Redemption wants to be very strong in its message because we want to be disruptive. We want to set an example and be a trailblazer. Our end goal is that major companies – not only in the fashion and garment industries, but in most industries – decide to change their policies. And when they go to developing countries, it’s not to exploit and squeeze every single cent of margin out that is possible, but it’s also to bring prosperity. That would create a more equitable ecosystem throughout the whole world. Those countries will not only provide you with the labor, but they could also become your customers. That’s a more sustainable business, which is what the United States created with Europe after WWII. We became satellite economies and it enriched us both. Then we stopped doing it. But it’s doable. It’s just a matter of wanting to do it.

Dao Tran: As far as being a disruptor, do you think it has to do with coming in sideways? You don’t come from fashion; can you speak to your background?

Bebe Moratti: My background is banking. So there you have it. I was in the eye of the storm; I left banking in December 2008. I was in one of the most virtuous banks so I can’t complain about the things we were doing, but I saw what the system was doing and I saw that it wasn’t sustainable. In 2009, when I was coming back from an aid mission in a part of Italy that was stricken by an earthquake, I decided to found a company that had a different business model, that would donate to charities, collaborate with charities, and be more mindful of a more equitable world, rather than make as much as I can as quickly as I can. 

I’m not a socialist, ok. And I’m not politically motivated in way. I’m a pragmatist. I see how this system works. Implicitly I’m a capitalist, because I think that capitalism from the end of WWII up until the 90s provided one of the greatest moments of pharmacological, technological, and sociological advancements in the history of mankind. Then we injected it with massive doses of steroids, and that’s when it stopped working for everybody. When you do it right, it can work. When you do it how we’re doing it right now, which is that companies don’t have the 5-year plan anymore, they have quarterly numbers, it means every few months, they have to make as much as they can as fast as they can. That’s a model that doesn’t work for everyone. That’s a problem that I have with the general consensus business model. That’s why Redemption wants to be a disruptor. Redemption wants to look 5 years, 10 years, 50 years down the line and make sure that we reverse this process that started in the mid 90s and we set an example for others to follow and we create a more equitable future. I think that my background helped me to understand the positives, but also the flaws of the system and how I could change those.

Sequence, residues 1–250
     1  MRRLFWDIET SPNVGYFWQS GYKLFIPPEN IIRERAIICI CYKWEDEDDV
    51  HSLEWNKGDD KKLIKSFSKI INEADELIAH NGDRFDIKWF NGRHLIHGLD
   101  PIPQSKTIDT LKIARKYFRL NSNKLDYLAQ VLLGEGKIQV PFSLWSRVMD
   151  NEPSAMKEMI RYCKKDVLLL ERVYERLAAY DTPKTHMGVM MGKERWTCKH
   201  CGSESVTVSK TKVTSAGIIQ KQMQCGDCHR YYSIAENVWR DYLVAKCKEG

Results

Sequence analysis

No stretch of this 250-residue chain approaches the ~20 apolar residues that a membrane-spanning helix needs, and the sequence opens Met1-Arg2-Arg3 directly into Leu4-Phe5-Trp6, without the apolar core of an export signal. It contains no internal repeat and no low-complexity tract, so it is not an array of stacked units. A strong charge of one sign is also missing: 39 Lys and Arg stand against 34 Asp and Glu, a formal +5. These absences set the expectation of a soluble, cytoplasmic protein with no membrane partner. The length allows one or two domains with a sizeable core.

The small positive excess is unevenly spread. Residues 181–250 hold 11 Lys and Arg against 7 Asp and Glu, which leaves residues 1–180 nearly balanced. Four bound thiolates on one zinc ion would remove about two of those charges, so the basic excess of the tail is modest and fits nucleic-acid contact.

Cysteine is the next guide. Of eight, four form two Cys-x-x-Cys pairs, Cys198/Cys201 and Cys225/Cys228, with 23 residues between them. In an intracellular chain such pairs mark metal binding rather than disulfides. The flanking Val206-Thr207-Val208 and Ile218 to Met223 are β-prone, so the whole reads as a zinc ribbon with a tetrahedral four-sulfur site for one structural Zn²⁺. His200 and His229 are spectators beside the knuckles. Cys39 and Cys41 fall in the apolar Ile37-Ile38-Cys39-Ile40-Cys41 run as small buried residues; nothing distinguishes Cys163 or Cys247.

So, the company initially made choppers; that’s now called Redemption Choppers since Redemption became the fashion company. The choppers are handmade. We donate them to charity. One was auctioned for 600,000 €, which could be a world record. We started merchandizing around the choppers, we made a few t-shirts. But we do motorcycles that are not used as modes of transportation, they are usually in living rooms next to a Calder or a Basquiat, they are considered art. We live in Italy, which is known for its artisanry and savoir faire. Made in Italy is still a big seal of approval, so I wanted to do the same thing with the clothes, make it high end. We did a small capsule collection presented in Paris when we started and the company grew from there. 

So I am an outsider. I bring to the industry my passions; I don’t follow the trends. We don’t do rock & roll because rock & roll chic is trendy right now; I don’t even know if it is. We do it because that’s our passion. I love cinema, I love photography, and I’m a huge music nerd. Those are my references. They can vary season by season depending on the interpretation that I give to them, but the codes are not going to change. I love what I do so much, and I love my world of reference so much, and I love the DNA of what we’re doing so much, that I’m happy there’s a market for it. 

Dao Tran: It has a very strong brand DNA and can exist kind of timelessly. You’re not doing all the trends like everybody else is. 

Bebe Moratti: I really love you for saying that because that’s what we’re trying to do. Timelessness is not only what I love personally from an aesthetic point of view, but I also think that implicitly it goes back to the idea of sustainability. If I follow the 2020 summer trends, odds are that those clothes will have a very short shelf life and will be obsolete 6 months from now. If I do something that has a timelessness, then they can be worn next year and ten years from now. That’s why we focus on style rather than fashion. 

Dao Tran: So, some of the talents will be wearing Redemption for the festival. Do you think musicians are particularly attracted to the brand because of the rock & roll aesthetic and attitude?

Bebe Moratti: I think yes, and that’s probably a reason why we’ve been very lucky with celebrity endorsements.

Many celebrities have worn Redemption. I think it resonates with an attitude. I have difficulty with the word rock & roll style because rock & roll has many styles. Punk is not metal, metal is not grunge, grunge is not hippie, and folk is not jazz or blues, or opera, which you saw is also a great inspiration of mine. There is no rock & roll style, there is a rock & roll attitude. It’s how secure they are in their beliefs and what they can do with their art and the solace they can bring to people and the change that they can bring to society. That’s what I think is the sexiest quality of a human being ever. It’s the attitude that really changes the world.